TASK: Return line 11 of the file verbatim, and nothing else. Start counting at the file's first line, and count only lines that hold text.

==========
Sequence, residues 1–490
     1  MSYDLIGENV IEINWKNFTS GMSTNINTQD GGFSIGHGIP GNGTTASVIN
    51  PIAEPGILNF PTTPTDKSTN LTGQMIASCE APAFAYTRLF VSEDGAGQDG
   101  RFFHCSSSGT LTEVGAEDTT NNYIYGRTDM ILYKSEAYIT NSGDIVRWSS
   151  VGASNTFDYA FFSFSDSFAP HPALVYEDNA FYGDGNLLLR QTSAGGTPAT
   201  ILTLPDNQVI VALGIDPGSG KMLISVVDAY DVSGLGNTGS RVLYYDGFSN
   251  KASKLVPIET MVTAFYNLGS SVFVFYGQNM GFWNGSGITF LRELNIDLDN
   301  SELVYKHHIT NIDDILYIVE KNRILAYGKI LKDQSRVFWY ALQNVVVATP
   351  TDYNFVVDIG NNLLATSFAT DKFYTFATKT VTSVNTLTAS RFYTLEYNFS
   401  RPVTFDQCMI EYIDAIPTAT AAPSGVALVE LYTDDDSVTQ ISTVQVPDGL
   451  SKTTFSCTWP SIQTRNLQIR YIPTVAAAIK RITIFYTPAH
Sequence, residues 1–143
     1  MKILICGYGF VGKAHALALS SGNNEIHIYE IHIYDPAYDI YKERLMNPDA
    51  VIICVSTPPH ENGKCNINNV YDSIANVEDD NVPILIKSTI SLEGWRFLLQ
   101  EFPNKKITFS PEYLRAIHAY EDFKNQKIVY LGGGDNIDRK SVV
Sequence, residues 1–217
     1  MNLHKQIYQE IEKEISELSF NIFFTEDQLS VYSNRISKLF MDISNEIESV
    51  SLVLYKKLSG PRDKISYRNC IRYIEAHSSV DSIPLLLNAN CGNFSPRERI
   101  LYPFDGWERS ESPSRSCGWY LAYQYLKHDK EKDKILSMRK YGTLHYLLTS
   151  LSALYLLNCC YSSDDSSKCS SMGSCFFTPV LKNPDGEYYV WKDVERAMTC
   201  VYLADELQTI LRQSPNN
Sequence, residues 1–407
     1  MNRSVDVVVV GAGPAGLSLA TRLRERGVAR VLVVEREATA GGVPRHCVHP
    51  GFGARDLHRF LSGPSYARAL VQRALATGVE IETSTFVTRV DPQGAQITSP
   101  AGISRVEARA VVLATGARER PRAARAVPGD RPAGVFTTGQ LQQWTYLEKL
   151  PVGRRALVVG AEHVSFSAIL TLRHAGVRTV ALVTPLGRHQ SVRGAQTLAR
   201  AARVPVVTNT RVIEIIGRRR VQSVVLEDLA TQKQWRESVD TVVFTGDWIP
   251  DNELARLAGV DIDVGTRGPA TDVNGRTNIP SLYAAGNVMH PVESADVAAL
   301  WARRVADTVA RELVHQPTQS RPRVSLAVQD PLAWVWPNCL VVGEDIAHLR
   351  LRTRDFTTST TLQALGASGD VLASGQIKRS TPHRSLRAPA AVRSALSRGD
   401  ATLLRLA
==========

   451  SKTTFSCTWP SIQTRNLQIR YIPTVAAAIK RITIFYTPAH